• Cellular Mobile Systems and Services (TCOM1010) 2009-April2.3 Network and Cell Information AcquisitionWhen a mobile station is successful in synchronizations it reads four time-slot long Broadcast Control CHannel (BCCH) forthe system information. This channel has a specific time-slot relative to the FCCH/SCH channels. The information in theBCCH channel includes: • Location Area ID (LAI) o Mobile Country Code (MCC) o Mobile Network Code (MNC) o Location Area Code (LAC) • Cell ID (CID) • BCCH Allocation List (BA list) – a list of neighboring cells’ beacon frequencies • Information about the locations of common control channels (paging, random access and access grant channels) • Frequency hopping Sequence • Maximum mobile station power limit (MSTXPwr) • Base station’s minimum received signal power to access the network (RxLevAM) • Update period (location update)At this stage an MS is fully furnished with necessary information and synchronization in order to communicate with thenetwork. A mobile station is not yet to be attached to the network. It requires IMSI (International Mobile Subscriber Identity)attach and location update procedure. The IMSI attach procedure lets the network record that the mobile station is poweredon and is ready to make or receive calls. The location update procedure lets the network record which location the MS is nowanchored. To proceed with those tasks the mobile station must make a service request to the network (see the next section).3 Request for Service3.1 Channel Request for ‘Start of a Communication’For any calls (for example, voice, data stream, SMS, attachment/registration/association, and location updating) a mobilestation requires sending a request to the network, and hence it needs a channel for that. This channel is called Random AccessCHannel (RACH). All the RACH channels in a cell have specific ‘locations’ (frequency and time-slots). A mobile station,which is already initialized with the network (that is, it is already set with FCCH-SCH-BCCH channels), knows the location.Whenever a mobile station initiates a call it just sends a dedicated channel request using the RACH channel (see the figurebelow).Day-2_Call Flow.doc Monzur Kabir, Ph.D., P.Eng. Page 4 of 18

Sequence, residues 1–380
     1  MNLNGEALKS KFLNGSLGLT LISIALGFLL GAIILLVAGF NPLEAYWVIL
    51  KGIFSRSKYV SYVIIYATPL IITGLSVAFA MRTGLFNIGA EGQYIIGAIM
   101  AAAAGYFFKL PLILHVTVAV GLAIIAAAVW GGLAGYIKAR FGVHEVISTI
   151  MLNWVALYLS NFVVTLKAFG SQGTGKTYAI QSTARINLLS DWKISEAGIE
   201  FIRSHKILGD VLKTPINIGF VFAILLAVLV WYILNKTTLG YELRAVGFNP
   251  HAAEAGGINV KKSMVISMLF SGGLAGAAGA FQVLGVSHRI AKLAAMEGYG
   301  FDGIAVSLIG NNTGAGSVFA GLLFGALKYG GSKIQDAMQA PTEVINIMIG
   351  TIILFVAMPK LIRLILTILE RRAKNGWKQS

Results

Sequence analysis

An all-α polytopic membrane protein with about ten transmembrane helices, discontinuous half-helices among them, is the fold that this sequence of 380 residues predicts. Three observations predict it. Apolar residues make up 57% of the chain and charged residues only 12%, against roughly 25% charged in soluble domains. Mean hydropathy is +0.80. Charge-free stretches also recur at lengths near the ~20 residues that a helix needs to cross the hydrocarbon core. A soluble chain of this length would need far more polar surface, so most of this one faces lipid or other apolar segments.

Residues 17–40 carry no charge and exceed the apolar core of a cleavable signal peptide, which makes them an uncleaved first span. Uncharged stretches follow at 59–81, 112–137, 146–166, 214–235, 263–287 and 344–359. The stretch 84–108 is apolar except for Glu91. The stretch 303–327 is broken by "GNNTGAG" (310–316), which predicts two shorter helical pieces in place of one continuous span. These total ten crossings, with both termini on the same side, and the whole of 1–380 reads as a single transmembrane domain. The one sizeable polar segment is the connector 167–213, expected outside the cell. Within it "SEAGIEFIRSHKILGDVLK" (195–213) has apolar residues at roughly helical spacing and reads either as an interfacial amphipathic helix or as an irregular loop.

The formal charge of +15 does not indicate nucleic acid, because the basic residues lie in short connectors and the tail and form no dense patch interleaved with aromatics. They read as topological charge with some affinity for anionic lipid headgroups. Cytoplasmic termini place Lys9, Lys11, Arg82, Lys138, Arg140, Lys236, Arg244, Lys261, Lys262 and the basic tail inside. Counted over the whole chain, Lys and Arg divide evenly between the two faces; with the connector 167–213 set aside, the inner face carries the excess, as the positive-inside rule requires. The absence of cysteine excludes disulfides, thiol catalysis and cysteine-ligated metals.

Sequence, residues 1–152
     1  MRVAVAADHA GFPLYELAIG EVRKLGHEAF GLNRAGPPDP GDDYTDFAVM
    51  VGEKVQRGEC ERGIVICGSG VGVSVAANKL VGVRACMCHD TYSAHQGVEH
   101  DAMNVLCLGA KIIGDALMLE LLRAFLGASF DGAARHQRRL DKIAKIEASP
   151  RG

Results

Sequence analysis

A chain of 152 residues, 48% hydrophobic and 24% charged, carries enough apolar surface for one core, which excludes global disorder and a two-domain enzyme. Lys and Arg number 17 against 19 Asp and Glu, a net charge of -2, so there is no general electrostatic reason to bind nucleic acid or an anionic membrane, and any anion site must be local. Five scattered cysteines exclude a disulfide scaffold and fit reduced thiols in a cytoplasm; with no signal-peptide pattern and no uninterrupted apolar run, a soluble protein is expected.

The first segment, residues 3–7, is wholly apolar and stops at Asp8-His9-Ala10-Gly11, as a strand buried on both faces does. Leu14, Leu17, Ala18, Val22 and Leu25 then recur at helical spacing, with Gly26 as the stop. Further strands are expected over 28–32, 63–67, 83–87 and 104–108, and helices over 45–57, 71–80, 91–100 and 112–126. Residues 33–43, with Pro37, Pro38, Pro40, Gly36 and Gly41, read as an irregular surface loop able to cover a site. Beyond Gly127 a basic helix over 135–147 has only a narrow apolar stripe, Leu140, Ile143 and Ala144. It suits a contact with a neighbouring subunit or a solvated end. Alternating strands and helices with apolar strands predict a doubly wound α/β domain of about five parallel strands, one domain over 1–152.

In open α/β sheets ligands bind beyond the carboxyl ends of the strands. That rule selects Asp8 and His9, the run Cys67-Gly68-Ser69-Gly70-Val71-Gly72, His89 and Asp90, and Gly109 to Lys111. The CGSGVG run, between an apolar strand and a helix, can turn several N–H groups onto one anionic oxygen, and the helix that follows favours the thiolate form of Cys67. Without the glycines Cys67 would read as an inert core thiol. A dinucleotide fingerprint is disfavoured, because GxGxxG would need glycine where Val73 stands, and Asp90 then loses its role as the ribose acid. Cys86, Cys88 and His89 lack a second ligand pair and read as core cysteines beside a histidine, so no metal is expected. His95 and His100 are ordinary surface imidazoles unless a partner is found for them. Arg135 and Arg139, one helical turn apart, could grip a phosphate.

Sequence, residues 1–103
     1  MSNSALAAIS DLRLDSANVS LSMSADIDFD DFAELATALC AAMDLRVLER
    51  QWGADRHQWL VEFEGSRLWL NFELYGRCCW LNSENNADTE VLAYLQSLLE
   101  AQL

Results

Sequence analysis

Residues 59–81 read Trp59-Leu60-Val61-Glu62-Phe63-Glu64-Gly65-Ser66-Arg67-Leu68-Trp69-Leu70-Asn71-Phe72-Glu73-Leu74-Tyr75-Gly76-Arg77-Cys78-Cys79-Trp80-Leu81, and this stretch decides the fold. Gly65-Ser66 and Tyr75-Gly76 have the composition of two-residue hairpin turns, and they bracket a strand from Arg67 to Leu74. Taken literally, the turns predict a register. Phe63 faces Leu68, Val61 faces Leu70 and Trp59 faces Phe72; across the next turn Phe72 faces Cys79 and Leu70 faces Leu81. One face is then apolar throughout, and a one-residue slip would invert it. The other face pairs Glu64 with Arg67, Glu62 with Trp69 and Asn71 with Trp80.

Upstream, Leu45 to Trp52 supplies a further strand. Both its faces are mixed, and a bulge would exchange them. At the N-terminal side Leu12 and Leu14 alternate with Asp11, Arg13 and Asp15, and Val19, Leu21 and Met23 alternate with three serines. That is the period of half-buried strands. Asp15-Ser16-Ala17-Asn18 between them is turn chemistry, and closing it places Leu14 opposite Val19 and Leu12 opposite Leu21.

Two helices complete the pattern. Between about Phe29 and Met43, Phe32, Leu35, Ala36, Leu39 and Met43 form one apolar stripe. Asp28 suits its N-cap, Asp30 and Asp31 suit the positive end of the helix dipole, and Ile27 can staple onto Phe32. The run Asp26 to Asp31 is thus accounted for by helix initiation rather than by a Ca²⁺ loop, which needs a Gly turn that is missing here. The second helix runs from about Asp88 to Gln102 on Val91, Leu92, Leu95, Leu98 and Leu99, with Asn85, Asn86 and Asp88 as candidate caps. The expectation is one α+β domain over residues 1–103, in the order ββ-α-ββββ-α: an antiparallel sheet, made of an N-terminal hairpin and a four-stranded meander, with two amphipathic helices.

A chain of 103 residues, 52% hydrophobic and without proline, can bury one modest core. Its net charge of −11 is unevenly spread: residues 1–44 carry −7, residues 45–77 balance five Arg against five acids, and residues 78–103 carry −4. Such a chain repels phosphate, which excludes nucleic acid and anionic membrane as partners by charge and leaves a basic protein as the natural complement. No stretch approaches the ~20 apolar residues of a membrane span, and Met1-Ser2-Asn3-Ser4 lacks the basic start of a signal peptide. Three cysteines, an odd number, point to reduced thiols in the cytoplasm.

• Cellular Mobile Systems and Services (TCOM1010) 2009-AprilThere is a possibility that more than one mobile station may try to send their requests at the same time using the same RACH.In that case there will be a collision and the information from the mobile stations are destroyed, and the mobile station mustresend the request. The process of such sending and resending, if required, follows the Aloha random access procedure.When the radio base station (GSM calls it Base Transceiver Station or BTS) receives a valid request it simply forwards therequest to the Base Station Controller (BSC) for decision. The BSC selects an unused data channel, called Stand-aloneDedicated Control CHannel (SDCCH). This is a duplex data channel. As name suggests that it is a dedicated channelbetween the mobile station and the network; it is a data channel in order to carry further dialog between the mobile stationand the network; and it is stand-alone channel as it is not associated to any traffic channel. The possible dialog includes: • what type of service the mobile station wants (make a voice call, receive a voice call, send an SMS or just location update, for examples) • authentication and security related dialogThe BSC sends the ID of the selected SDCCH to the BTS and asks to activate the channel. The BTS does so and sends backan acknowledgement to the BSC. The BSC then asks the BTS to assign the channel to the mobile station. The BTS usesanother channel called Assignment Grant CHannel (AGCH) to let the mobile station know which SDCCH channel has beenassigned.When the BTS and BSC were exchanging the messages the mobile station listens to the AGCH channel for the reply to itsrequest. Like RACH channel the AGCH channels have specific locations which were advertized by the network in its BCCHchannel broadcast.Note 1: In some traffic situations a new channel may be assigned using TCH (Traffic CHannel) instead of SDCCH. In thatcase, The AGCH message let the mobile station know that the allocated channel is a TCH channel in “signaling mode”instead of traffic mode. In such a case the TCH serves the function of an SDCCH. If the assignment process proceeds furtherto an assignment of “traffic TCH” then it is typical that the already assigned TCH will remain assigned, and the networksimply sends a “channel mode modify command” to make it a traffic-mode TCH.Day-2_Call Flow.doc Monzur Kabir, Ph.D., P.Eng. Page 5 of 18